ASUS Xonar D2 Ultra Fidelity 7.1 PCI Sound Card - HotHardware

ASUS Xonar D2 Ultra Fidelity 7.1 PCI Sound Card

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Claiming to be the best at anything is bold.  From professional athletes to product manufacturers, stating you or your product is the best out there opens things up for closer scrutiny.  Being the best at what you do, or what you make, means near flawless execution.  Regardless of the context, one thing is certain, if you claim you are the best at what you do, you better be prepared to back those statements up.  This is the position ASUS has put themselves in, stating that their latest product is the best of its kind, period.

In this HotHardware showcase we're going to take a look at a new sound card from ASUS called the Xonar D2 Ultra Fidelity 7.1 PCI Surround card.  Although this is the first sound card ASUS has delivered to market, they've come right out stating they feel this is the best sound card currently available.  That's a confident statement, especially considering this is their first sound card release, not to mention the current state of integrated solutions that can rival the performance of some of the best add-in cards out there from the likes of Creative and others.  With that said, we're going to take a complete look at the
Xonar D2 Ultra Fidelity 7.1 PCI Surround Card to see if it really is the best of its kind or if ASUS' claims falls short.

ASUS Xonar D2 Ultra Fidelity 7.1 Sound Card
Features & Specifications

Audio Performance:
Output Signal-to-Noise Ratio (A-Weighted):
118 dB

Input Signal-to-Noise Ratio (A-Weighted):
118 dB

Output THD+N at 1kHz:
0.0004% (-108dB)

Input THD+N at 1kHz:
0.0004% (-108dB)

Frequency Response (-3dB, 24-bit/96kHz input):
<10Hz to 46kHz (for all channels)

Frequency Response (-3dB, 24-bit/192kHz input):
<10Hz to 90kHz (for all channels)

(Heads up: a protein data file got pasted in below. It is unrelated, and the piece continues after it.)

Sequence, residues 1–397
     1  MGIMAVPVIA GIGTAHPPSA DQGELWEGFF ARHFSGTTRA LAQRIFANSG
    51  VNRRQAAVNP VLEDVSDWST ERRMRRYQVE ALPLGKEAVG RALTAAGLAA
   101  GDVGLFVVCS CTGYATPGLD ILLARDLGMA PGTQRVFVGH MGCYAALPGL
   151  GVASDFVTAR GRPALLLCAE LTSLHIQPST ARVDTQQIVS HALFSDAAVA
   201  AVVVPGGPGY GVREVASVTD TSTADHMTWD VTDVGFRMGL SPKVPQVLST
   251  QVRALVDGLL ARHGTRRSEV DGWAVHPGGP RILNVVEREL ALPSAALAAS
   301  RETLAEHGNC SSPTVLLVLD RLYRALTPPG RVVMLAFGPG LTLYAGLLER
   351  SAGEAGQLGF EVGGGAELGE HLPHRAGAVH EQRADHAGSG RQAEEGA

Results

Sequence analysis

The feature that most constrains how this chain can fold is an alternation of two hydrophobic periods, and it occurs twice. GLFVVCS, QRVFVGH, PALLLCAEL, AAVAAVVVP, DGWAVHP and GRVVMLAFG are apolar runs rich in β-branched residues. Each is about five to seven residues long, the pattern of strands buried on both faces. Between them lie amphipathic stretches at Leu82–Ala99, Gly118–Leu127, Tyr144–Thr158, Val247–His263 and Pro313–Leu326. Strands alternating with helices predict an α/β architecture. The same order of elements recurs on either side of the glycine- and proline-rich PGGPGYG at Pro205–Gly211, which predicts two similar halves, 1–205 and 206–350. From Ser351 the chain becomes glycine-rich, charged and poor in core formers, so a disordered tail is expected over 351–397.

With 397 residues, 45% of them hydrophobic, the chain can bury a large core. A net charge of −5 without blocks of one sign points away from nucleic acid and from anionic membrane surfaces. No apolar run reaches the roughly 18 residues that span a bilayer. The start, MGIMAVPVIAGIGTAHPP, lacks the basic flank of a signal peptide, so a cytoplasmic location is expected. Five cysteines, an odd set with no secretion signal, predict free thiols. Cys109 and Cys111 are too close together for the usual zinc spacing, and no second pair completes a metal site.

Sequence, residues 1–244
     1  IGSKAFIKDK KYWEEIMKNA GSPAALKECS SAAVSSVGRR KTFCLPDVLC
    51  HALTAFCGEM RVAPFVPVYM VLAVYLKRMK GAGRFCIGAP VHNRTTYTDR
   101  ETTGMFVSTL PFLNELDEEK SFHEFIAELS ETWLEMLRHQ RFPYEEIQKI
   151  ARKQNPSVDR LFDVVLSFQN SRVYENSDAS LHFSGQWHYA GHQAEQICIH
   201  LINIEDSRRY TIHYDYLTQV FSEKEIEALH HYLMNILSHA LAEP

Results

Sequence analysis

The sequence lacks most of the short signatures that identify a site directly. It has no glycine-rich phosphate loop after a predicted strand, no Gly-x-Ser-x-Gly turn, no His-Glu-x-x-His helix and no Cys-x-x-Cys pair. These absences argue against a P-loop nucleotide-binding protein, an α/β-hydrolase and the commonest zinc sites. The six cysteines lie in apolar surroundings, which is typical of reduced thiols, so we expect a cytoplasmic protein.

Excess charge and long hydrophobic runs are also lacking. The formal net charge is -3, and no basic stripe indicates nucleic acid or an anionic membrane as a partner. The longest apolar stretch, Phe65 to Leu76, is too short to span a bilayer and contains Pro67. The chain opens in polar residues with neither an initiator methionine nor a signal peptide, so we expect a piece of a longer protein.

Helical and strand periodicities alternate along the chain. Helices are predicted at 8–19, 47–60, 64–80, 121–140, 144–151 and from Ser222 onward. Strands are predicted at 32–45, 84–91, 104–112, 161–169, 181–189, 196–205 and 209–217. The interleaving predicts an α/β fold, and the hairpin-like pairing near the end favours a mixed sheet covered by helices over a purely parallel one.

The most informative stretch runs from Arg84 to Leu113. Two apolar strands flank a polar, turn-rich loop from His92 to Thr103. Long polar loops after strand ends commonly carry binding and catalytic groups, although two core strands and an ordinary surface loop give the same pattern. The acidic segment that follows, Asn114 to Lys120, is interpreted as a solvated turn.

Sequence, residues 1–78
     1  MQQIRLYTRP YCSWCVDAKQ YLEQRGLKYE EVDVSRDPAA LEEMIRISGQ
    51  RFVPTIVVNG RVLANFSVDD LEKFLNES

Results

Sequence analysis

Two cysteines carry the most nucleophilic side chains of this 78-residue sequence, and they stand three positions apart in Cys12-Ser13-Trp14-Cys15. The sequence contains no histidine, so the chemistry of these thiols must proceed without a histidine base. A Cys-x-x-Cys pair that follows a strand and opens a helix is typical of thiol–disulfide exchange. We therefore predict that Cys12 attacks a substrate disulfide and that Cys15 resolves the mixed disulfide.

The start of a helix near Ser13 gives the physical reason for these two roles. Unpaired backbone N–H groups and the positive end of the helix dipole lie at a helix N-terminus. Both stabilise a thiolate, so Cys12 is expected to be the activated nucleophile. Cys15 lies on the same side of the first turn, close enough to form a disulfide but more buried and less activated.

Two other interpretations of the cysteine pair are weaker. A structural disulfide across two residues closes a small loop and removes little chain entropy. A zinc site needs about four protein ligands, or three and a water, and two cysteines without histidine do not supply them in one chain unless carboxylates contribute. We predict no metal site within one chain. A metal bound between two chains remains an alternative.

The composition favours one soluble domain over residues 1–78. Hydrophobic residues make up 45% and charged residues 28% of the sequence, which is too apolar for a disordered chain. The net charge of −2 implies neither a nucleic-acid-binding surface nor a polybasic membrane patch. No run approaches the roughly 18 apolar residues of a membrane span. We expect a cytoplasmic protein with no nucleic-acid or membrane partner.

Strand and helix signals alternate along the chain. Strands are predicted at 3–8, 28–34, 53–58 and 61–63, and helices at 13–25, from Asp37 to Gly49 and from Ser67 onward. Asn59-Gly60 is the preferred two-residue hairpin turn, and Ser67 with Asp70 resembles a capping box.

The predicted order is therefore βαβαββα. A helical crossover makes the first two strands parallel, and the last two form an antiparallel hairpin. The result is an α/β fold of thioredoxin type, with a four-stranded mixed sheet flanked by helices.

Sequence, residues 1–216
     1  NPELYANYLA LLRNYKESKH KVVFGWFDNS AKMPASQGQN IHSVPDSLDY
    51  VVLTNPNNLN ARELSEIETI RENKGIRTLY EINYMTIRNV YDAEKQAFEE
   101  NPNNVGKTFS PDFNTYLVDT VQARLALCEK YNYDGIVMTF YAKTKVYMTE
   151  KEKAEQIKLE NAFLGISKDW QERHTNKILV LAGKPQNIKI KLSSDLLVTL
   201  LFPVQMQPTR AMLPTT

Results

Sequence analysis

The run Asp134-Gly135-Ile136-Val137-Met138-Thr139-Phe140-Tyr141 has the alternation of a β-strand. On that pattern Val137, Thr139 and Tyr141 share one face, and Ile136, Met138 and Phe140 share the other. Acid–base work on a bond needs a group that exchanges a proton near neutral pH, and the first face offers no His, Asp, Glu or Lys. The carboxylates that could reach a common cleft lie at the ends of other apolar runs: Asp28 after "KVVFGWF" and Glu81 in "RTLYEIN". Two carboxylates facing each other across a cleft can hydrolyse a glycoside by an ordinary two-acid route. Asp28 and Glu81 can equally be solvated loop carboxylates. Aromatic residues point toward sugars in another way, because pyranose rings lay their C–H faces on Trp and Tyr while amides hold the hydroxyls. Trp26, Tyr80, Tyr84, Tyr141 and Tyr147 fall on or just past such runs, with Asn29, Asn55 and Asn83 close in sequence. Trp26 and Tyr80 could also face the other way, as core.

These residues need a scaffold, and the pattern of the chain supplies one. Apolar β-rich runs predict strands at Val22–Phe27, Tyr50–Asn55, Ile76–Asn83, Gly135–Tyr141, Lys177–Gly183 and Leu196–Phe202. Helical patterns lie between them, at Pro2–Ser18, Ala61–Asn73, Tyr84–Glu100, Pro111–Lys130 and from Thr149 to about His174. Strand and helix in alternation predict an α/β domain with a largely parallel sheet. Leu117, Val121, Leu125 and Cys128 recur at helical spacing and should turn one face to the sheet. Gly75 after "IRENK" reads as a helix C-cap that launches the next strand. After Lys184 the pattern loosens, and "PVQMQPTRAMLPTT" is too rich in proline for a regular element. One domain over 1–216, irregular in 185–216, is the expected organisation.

Output/Input Full-Scale Voltage
2 Vrms (5.65 Vp-p)

Sample Rate Conversion Quality:
Almost lossless, high-fidelity floating-point filters, which has:
-140dB THD+N (typical value for 44.1K->48KHz, 24bit)
-145dB Dynamic Range (typical value for 44.1K->48KHz, 24bit)

Main Chipset:
Audio Processor:
ASUS AV200 High-Definition Sound Processor (Max. 192KHz/24bit)

24-bit D-A Converter of Digital Sources:
Burr-Brown PCM1796 *4 (123dB SNR, Max. 192kHz/24bit)

24-bit A-D Converter for Analog Inputs:
Cirrus-Logic CS5381* 1 (120dB SNR, Max. 192kHz/24bit)

Sample Rate and Resolution:
Analog Playback Sample Rate and Resolution:
44.1K/48K/96K/192KHz @ 16/24bit

Analog Recording Sample Rate and Resolution:
44.1K/48K/96K/192KHz @ 16/24bit

S/PDIF Digital Output:
44.1K/48K/96K/192KHz @ 16/24bit ,Dolby Digital, DTS, WMA-Pro

S/PDIF Digital Input:
44.1K/48K/96K/192KHz @ 16/24bit

ASIO 2.0 Driver Support:
44.1K/48K/96K/192KHz @ 16/24bit

I/O Ports:
Analog Output Jack:
3.50mm mini jack *4 (Front/Side/Center-Subwoofer/Back)

Analog Input Jack:
3.50mm mini jack *2 (Line-In/Mic-In)

Other line-level analog input (for CD-IN/TV Tuner):
CD-In, Aux-In (4-pin header on the card)
Digital S/PDIF Output:
Coaxial and High-bandwidth Optical Combo Connector
Supports 192KHz/24bit

Digital S/PDIF Input:
Coaxial and High-bandwidth Optical Combo Connector
Supports 192KHz/24bit

MIDI Ports: